Questions for STMs

Steve Corbett and Brian Fikkert finally raise several good points and questions for those who still want to go on an STM trip.

First, what type of help are STMs offering? Relief would be helping to reconstruct houses after a natural disaster of a fire like in Hout Bay recently. It seems that the help STMs think they offer is this category, but relief should be offered in drastic situations for a short period of time. By the time an STM is organised, it would already be too late for relief.

Most contexts that STMs focus on do not fit this category; those contexts are in need of long-term development (p 157). Development, however, is a process and not a product of a two-week trip.

Second, do we know what the needs and assets are (p. 158)? Let’s take the example of the paint job again: is it really the biggest need of the community to have Westerners come paint their house? And do they really not have any assets in the community that can actually paint a house? How can you use and empower the skills set pool that is already present where you’re headed.

Third, what is the participatory relationship (p. 160)? We are all opinionated and have an idea of what should be done about a situation, but what about the opinion of the locals and those who need the help. In Mark 10, Jesus arrives at Bartimaeus, a man who is blind and clearly needs help. It’s not even difficult to see that he needs help. But Jesus doesn’t just decide for the blind man, he asks Bartimaeus: “What can I do for you?” By doing this, he gives him ownership of the situation.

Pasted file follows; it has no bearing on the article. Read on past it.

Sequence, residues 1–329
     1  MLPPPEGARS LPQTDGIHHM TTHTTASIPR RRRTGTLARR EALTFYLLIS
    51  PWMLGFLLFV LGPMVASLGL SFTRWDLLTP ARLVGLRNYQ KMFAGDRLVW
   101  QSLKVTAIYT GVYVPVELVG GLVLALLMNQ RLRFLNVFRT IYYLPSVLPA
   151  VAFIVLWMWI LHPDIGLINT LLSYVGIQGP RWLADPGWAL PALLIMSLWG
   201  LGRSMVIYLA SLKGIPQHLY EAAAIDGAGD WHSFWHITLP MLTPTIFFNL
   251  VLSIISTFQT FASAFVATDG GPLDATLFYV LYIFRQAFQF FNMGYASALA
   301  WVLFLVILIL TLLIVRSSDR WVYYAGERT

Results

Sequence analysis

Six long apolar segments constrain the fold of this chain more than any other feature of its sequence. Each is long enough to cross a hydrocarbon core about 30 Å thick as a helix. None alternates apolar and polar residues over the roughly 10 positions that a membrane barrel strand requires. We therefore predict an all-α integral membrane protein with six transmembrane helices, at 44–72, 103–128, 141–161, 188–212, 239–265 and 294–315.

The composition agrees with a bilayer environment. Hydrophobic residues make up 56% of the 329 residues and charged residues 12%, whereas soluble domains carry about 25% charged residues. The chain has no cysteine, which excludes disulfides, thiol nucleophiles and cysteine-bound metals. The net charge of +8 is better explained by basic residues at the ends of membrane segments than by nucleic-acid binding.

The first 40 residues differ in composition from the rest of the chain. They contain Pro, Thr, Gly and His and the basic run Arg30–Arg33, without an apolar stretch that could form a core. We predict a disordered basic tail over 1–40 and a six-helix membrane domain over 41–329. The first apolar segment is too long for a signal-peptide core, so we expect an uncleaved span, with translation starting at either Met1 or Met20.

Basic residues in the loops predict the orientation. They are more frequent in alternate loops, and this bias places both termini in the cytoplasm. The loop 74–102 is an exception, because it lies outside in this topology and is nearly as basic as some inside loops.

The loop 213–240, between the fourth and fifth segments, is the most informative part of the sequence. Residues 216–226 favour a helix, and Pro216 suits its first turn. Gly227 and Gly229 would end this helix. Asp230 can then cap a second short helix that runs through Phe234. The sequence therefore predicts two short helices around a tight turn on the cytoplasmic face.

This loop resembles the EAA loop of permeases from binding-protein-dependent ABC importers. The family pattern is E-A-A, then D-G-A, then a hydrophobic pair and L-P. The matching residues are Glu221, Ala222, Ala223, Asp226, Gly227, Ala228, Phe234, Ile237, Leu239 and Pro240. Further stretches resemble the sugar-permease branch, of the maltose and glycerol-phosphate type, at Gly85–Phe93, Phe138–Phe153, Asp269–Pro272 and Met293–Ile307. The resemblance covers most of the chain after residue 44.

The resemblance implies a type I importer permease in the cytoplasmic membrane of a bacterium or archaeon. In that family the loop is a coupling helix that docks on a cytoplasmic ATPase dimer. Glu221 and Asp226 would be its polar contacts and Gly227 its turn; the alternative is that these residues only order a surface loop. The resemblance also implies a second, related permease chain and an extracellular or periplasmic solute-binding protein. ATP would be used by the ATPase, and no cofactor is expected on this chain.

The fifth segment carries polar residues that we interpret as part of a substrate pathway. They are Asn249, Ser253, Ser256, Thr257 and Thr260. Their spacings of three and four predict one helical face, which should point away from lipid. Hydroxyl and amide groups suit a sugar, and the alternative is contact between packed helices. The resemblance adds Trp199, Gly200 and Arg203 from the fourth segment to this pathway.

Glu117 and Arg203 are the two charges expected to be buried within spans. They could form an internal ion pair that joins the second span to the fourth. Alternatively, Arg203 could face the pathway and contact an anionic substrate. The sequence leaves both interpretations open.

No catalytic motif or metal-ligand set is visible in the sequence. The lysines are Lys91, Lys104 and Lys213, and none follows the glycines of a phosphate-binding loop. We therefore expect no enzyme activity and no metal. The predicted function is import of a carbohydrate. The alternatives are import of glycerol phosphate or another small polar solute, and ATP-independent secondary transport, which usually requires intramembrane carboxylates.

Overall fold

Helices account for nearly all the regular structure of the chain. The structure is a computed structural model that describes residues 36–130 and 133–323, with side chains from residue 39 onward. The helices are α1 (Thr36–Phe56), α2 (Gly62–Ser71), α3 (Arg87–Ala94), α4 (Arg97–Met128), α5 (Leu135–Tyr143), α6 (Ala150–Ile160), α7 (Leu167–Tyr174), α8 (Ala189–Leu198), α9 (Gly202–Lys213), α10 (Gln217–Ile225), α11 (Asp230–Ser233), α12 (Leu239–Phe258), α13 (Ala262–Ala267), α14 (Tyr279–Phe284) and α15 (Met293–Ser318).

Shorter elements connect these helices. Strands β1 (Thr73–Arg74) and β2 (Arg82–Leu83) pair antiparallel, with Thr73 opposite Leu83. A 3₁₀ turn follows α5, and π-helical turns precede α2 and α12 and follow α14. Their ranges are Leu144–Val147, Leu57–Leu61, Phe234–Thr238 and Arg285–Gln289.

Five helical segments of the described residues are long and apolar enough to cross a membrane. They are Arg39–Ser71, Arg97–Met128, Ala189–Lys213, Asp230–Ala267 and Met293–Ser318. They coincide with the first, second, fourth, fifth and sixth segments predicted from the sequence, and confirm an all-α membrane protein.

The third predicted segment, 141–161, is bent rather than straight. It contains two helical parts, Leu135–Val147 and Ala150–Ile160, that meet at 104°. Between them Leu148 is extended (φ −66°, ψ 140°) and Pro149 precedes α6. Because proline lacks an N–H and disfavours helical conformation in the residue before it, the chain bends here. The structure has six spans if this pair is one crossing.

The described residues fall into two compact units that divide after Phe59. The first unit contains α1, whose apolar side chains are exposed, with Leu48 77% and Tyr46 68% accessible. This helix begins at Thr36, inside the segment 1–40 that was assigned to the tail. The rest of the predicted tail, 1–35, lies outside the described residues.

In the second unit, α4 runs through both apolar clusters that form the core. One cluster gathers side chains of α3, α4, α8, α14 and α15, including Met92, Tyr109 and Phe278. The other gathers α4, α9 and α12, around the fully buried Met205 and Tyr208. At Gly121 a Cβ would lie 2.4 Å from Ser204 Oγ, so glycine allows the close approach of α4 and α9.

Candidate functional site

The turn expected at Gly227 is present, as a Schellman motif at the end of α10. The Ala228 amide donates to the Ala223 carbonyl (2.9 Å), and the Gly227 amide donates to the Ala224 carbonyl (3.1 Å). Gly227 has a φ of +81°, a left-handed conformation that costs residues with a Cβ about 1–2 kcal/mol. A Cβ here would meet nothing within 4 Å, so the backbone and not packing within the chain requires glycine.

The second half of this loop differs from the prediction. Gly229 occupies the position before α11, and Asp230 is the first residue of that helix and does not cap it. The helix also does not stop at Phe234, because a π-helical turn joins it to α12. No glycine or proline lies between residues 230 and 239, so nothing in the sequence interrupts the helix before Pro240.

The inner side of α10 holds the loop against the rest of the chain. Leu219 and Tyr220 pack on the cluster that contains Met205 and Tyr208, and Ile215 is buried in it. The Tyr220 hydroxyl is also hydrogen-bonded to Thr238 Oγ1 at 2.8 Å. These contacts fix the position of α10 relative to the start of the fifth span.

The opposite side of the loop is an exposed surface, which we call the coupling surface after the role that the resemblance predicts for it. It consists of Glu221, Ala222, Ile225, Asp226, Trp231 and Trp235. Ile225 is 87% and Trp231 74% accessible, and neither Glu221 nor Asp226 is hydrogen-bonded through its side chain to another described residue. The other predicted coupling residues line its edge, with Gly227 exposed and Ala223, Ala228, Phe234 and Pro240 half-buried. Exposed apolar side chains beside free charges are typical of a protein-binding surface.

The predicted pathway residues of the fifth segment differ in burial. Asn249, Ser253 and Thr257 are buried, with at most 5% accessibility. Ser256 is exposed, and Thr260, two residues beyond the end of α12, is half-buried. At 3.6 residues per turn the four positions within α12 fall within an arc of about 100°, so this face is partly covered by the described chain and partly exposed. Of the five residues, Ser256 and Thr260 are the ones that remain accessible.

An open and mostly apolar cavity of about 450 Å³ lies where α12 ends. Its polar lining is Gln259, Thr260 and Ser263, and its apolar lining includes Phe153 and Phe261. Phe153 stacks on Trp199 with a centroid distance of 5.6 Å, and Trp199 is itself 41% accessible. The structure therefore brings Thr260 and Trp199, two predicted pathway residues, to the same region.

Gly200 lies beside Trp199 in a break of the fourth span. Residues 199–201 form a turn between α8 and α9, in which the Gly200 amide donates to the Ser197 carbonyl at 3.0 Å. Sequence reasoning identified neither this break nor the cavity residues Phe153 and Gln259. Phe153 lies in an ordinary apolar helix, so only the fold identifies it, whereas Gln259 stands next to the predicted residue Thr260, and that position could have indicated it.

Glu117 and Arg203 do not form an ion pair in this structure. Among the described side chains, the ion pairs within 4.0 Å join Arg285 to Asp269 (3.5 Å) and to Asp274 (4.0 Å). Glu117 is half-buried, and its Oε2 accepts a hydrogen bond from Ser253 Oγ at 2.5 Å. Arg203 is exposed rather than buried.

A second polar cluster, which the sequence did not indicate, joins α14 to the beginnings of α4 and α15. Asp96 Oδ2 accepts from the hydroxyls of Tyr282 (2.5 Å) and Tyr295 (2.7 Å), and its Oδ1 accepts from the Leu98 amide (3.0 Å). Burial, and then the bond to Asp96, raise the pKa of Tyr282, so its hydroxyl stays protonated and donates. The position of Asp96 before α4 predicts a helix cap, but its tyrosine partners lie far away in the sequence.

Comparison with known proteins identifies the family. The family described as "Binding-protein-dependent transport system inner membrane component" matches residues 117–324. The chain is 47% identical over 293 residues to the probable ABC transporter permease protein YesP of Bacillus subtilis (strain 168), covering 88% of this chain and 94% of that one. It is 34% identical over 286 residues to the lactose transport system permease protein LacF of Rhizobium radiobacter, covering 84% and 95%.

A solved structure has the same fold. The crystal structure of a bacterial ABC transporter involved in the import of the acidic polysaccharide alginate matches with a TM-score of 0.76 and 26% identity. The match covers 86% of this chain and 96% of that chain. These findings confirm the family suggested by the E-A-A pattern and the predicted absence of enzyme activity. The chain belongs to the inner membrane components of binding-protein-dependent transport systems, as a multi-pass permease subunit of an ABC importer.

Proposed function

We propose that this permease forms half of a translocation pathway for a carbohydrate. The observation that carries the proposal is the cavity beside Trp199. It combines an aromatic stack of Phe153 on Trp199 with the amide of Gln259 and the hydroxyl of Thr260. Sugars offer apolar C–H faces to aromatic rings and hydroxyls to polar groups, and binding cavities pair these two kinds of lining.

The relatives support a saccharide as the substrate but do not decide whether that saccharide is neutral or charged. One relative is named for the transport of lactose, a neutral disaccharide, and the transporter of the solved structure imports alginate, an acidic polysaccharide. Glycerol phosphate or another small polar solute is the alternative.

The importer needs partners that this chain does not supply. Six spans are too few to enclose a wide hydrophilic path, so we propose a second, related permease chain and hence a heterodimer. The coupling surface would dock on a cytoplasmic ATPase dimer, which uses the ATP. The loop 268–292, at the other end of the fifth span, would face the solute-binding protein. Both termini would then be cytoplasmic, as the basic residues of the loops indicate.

If the only purpose of an STM is to help impoverished communities, I believe every single one of those trips should come to the point where they calculate their spendings and ask the people they are planning to help (or a local partner): would you prefer that we come to help you or would you rather us donate the money so you can organise the help yourself?

I wonder how many local partners would choose the first option.

If you’re interested in reading my 7-year-old paper, you can do that here or just below this paragraph.